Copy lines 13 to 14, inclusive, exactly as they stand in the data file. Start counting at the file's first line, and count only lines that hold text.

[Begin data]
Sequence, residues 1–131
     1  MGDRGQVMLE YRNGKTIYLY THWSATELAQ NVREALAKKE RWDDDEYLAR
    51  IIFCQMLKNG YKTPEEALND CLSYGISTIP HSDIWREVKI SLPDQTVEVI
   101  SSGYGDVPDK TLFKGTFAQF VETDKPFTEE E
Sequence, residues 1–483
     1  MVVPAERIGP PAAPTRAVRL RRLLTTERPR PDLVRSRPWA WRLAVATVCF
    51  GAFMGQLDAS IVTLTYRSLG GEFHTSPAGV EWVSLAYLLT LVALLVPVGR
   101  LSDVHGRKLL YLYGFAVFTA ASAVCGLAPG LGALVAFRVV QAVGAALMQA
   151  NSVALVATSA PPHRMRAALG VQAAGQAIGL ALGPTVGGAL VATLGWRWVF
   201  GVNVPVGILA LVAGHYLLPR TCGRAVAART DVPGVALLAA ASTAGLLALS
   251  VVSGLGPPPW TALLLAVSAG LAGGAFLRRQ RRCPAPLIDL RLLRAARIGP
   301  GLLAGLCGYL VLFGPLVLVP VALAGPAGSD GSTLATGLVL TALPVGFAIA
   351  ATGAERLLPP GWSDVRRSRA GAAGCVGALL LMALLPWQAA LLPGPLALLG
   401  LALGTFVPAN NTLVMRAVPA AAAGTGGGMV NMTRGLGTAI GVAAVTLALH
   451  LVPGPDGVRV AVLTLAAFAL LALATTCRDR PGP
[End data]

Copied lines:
   351  ATGAERLLPP GWSDVRRSRA GAAGCVGALL LMALLPWQAA LLPGPLALLG
   401  LALGTFVPAN NTLVMRAVPA AAAGTGGGMV NMTRGLGTAI GVAAVTLALH